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ScoMo on the world stage

Image credit: Scott Morrison (Creative commons: Facebook)

With less than three months experience, Australian prime minister Scott Morrison is facing his first major foreign policy test as Australian Prime Minister with the crucial ‘summit season’ of key regional meetings including the East Asia Summit in Singapore, APEC in Port Moresby over the last week and the upcoming G20 Leaders’ Summit in Buenos Aires.

While preferring to concentrate more on maximising his own domestic political capital with a federal election looming, Morrison has been thrust into international politics with key bilateral meetings with world leaders including Indonesian President Joko Widodo and US Vice President Mike Pence.

Morrison is a foreign policy newcomer, having ministerial experience in other portfolios that touch on Australia’s foreign relations including the treasury and border protection. He has already made several policy gaffes, particularly the suggestion that Australia would review whether the Joint Comprehensive Plan of Action dealing with Iran’s nuclear ambitions “remains fit for purpose” and the widely condemned potential move of Australia’s embassy in Israel to Jerusalem as an ostensible attempt to win votes among the large Jewish population in Wentworth by-election.

He has already skipped key regional and global summits, including the Pacific Islands Forum summit in Nauru and the United Nations General Assembly in September, leaving it to Foreign Minister Marise Payne who at that point had only weeks of experience in the portfolio. Key cabinet members have also come under fire recently for controversial remarks, including Environment Minister Melissa Price who claimed that Pacific Island leaders only visited Australia “for the cash”.

The Prime Minister’s populist rhetoric, which he has sought to use domestically, has not translated well in international relations. The floated Israel embassy move has prompted concern from key Asian allies, including Malaysia and Indonesia, with the latter suggesting that any move may jeopardise negotiations for a lucrative free-trade deal between Jakarta and Canberra.

Changes to ministerial portfolios have also led to some concern that foreign policy has taken a back seat, including the replacement of long-time Foreign Minister Julie Bishop and moving the role of Minister for International Development and the Pacific outside of the cabinet.

While Morrison and his ministers have stumbled in their first months, they have announced a handful of strategically significant policies in security and foreign affairs. The most prominent of these has been the Indonesia-Australia Free Trade Agreement and upgrade of Australia’s relations with Indonesia to a ‘strategic partnership’. These agreements, despite being negotiated over a number of years, will have significant benefits: reduction or removal of 99 per cent of tariffs on Australian trade and 100 per cent of Indonesian trade, the expansion of access to Indonesia’s education sector, and greater political and bilateral strategic dialogue. These expected agreements remain amiss of the ‘achievement column’, however, at least until the Israel Embassy decision is made.

Morrison has also sought to expand on the benefits of free trade in the wider global sphere, reaffirming a commitment to free trade and the World Trade Organisation as the possibility of a trade war between Washington and Beijing materialises.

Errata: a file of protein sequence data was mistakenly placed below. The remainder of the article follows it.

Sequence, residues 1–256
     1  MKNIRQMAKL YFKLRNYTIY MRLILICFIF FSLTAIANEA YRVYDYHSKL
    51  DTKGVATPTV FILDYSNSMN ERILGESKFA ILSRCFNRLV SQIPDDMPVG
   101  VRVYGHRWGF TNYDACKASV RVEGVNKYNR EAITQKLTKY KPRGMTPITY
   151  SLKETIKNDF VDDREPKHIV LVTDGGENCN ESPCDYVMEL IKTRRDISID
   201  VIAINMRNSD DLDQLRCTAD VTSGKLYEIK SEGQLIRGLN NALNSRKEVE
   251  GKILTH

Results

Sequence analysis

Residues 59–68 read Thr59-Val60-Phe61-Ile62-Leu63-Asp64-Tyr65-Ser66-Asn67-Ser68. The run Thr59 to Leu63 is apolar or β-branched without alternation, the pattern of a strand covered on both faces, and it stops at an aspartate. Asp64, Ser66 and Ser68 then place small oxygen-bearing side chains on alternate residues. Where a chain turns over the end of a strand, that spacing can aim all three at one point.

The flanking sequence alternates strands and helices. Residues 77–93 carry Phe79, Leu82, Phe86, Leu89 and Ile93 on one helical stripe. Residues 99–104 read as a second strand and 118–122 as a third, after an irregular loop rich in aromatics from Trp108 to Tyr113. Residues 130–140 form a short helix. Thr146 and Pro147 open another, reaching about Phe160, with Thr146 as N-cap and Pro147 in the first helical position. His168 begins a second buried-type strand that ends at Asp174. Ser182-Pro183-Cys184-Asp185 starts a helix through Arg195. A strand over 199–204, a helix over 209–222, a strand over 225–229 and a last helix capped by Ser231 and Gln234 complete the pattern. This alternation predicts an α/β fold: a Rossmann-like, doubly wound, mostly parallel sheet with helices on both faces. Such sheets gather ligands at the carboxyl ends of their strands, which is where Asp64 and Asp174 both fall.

The prime minister has also appeared to take a strategic interest in the Pacific despite skipping the Pacific Islands Forum earlier in the year, taking a more hard-line approach than his predecessor against increasing Chinese political and military influence. This has been evident in the recent announcement of a significant strategic pivot to the Pacific, in which Australia would launch a $2 billion infrastructure bank and open five new diplomatic posts as well as increasing its Defence Force presence in the region.

Additionally, to protect Australia’s trade and maritime interests in the Pacific, leaders have announced the trilateral redevelopment of a naval base on PNG’s Manus Island between the US, Australia and PNG which will likely be the permanent base for several Australian vessels. While these moves are likely to provoke some backlash in Beijing, it is a clear sign that Morrison wants Australia to be the region’s primary security and development partner.

Despite these significant policy announcements, Canberra is faltering in other areas. Australia continues to be lambasted regionally and internationally for its lack of climate change policy, which has seen significant criticism from Pacific leaders. While refusing to leave the Paris Agreement as some conservative colleagues have suggested, the PM has abandoned implementing policy mechanisms and integrating emissions reduction in energy policy – the lack of policy in this area could threaten its broader strategic pivot towards the region. Its controversial hard-line policies towards refugees and asylum seekers have also attracted international criticism and condemnation, including ignoring the deteriorating mental health of child refugees in Nauru and continuing to reject a proposal to resettle asylum seekers in New Zealand.

Morrison seems to be struggling to win the support of both the domestic electorate and the international community. His inexperience, concentration on domestic politics and gaffe-prone nature has already had an adverse effect on foreign policy. The Prime Minister must now ensure he sticks to the script, avoids any further diplomatic blunders and builds greater trust with allies, the region and the globe.

Euan Moyle is the Australian Foreign Policy Fellow for Young Australians in International Affairs.

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